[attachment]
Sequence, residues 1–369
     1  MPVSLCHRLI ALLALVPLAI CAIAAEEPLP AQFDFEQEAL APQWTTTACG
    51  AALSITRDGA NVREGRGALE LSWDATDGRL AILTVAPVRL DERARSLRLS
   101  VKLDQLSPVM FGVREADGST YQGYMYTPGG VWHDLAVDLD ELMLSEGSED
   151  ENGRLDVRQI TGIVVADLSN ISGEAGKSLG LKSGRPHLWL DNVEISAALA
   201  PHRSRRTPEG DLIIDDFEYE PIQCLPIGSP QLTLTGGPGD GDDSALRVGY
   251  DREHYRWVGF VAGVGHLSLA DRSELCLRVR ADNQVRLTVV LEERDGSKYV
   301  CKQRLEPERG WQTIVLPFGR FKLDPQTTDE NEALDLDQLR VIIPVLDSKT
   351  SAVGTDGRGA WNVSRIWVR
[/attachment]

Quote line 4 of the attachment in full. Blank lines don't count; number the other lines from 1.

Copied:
   101  VKLDQLSPVM FGVREADGST YQGYMYTPGG VWHDLAVDLD ELMLSEGSED